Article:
With the constitutional right to an abortion overturned by the Supreme Court just weeks ago, there’s a national spotlight on abortion medication and contraceptives. Notorious anti-abortion outlets are using the moment to spread misinformation about these two types of drugs and deter their use, falsely claiming abortion medication is not safe, medicated abortions can be reversed, and that Plan B terminates pregnancy.
Many conservative states had prepped for the overturning of Roe v. Wade, with 13 states instilling trigger laws that would restrict abortion care soon after the Supreme Court’s decision and more likely to limit abortion later on. Republican legislators and anti-choice activists are also aiming to curb access to mifepristone and misoprostol, the two-drug regimen for medication abortions, on both the state and federal level. Some states already penalize its distribution via mail even though the Food and Drug Administration has permanently allowed the drugs to be mailed.
Additionally, right-wing lawmakers are also eyeing emergency contraceptives, which can be used up to three to five days after unprotected sex. Access to contraceptives is especially at risk as Justice Clarence Thomas named Griswold v. Connecticut, the 1965 case that protects contraception for married couples, as one of the precedents the court “should reconsider.” Confusion over the changing landscape of restrictions even led one locality to temporarily pause distribution of the popular contraceptive medication Plan B, also known as the morning-after pill. On top of these attacks, other medications that could induce abortions are being denied to patients despite being prescribed for reasons unrelated to reproductive health.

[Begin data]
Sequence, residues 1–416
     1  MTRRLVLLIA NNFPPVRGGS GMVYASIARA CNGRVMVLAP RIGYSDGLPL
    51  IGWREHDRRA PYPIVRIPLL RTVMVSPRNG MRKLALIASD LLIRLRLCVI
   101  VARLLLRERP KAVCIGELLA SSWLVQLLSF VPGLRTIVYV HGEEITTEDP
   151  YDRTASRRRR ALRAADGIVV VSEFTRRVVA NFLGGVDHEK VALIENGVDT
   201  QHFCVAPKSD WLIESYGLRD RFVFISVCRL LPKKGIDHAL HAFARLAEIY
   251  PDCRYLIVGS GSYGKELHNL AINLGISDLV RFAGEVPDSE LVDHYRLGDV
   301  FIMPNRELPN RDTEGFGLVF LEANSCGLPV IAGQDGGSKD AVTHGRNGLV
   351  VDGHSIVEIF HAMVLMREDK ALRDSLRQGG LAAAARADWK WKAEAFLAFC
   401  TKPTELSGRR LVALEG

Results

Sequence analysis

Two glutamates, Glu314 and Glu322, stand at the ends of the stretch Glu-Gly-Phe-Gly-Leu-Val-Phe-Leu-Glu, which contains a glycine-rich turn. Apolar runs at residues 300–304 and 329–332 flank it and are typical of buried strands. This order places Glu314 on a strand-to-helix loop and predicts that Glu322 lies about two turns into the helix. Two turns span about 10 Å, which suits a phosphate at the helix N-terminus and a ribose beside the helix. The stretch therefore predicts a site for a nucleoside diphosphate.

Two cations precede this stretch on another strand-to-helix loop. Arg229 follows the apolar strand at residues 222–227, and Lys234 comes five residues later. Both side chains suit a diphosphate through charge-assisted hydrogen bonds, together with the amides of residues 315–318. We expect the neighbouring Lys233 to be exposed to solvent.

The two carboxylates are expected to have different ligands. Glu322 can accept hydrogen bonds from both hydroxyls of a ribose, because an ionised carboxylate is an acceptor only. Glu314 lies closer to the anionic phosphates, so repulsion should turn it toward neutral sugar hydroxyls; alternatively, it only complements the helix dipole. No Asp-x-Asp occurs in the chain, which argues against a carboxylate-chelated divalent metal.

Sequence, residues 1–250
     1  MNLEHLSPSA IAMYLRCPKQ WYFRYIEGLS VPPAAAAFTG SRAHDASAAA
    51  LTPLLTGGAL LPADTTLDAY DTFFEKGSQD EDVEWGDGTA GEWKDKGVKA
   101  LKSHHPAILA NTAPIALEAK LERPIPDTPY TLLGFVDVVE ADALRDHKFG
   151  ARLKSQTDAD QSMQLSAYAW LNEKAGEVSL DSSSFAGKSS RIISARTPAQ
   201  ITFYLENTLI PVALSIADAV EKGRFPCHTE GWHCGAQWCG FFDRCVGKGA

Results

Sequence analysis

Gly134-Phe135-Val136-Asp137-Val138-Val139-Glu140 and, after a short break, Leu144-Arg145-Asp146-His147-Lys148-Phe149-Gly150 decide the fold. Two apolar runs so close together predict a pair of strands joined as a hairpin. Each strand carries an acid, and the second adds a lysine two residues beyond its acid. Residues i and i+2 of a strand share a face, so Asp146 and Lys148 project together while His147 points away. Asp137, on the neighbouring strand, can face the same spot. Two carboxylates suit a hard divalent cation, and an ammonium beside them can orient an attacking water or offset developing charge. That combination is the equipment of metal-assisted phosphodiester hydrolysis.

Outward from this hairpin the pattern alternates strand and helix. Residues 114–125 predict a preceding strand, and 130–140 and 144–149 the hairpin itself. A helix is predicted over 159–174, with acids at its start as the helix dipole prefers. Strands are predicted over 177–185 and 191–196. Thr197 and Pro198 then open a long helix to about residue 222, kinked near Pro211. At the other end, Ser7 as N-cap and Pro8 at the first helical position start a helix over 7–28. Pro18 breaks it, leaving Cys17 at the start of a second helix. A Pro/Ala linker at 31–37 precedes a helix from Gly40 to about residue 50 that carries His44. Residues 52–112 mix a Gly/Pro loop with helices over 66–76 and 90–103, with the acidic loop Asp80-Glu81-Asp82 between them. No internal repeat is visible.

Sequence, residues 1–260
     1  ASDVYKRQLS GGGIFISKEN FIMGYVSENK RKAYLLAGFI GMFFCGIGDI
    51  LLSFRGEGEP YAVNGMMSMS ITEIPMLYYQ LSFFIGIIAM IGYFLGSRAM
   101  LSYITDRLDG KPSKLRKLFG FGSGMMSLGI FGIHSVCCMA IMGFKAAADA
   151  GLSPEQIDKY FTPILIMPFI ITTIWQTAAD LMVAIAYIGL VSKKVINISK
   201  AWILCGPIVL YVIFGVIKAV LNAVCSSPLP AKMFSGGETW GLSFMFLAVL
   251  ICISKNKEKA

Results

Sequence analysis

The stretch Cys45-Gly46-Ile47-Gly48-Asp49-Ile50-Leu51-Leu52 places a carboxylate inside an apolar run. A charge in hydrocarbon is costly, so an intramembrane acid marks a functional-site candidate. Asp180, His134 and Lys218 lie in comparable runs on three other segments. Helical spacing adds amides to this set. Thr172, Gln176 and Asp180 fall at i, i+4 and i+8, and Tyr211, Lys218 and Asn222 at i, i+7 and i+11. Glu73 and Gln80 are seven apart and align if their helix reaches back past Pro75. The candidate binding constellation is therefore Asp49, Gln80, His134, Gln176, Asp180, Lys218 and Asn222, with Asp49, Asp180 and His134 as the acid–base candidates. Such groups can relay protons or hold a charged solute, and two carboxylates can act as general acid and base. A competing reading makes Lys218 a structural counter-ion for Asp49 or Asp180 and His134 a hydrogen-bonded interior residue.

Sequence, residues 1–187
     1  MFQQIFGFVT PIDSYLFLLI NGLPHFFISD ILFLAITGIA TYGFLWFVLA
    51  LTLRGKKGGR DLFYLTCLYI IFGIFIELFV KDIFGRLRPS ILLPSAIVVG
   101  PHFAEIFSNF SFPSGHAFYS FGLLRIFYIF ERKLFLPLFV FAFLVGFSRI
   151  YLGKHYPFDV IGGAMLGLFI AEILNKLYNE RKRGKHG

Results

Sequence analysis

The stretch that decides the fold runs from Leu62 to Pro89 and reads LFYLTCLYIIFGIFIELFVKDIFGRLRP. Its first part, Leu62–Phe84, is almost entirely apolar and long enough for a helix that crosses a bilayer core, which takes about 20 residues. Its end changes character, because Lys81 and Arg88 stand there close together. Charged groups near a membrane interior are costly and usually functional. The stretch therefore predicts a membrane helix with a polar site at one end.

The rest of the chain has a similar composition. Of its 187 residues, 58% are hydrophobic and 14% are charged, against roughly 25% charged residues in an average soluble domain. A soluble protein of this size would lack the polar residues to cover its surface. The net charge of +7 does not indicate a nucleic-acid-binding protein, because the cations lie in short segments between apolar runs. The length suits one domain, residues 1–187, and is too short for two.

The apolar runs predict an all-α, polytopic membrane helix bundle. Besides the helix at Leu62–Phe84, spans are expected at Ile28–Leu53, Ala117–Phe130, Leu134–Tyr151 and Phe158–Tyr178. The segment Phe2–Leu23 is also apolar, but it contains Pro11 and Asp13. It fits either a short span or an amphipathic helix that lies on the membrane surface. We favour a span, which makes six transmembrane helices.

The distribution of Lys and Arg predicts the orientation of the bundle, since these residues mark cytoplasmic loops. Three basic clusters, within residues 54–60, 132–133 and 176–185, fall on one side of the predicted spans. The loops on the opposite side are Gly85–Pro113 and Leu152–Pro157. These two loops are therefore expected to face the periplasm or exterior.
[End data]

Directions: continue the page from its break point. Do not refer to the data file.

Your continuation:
These conservative targets are more important than ever in the post-Roe era where reproductive health access is dwindling as clinics in abortion-hostile states close their doors. The safety and efficacy of the abortion pill and Plan B — which ends and prevents pregnancy, respectively — are well-documented to be safe and effective, making the campaign to limit their reach devastating. Nearly one in four women aged 22 to 49 who have had sex have used emergency contraception. Medicated abortions account for more than half of U.S. abortions.
For years, these same activists have tried to conflate contraception and abortion as a means of targeting both and further undermining the medications’ credibility. With little to no substantiation, anti-abortion activists have repeatedly peddled false claims that abortion medication is unsafe, medicated abortions can be reversed, and that Plan B terminates pregnancy. This kind of misinformation has reached far beyond traditional conservative media, spreading rampantly on Facebook and influencing misguided restrictions.
For people to make crucial health decisions in the wake of Roe’s reversal, it is important they have access to accurate information about both abortion medication and contraception. But anti-choice websites are doubling down on their misinformation efforts, framing abortion pills as dangerous, championing unsubstantiated “abortion pill reversal,” and spreading misinformation about Plan B.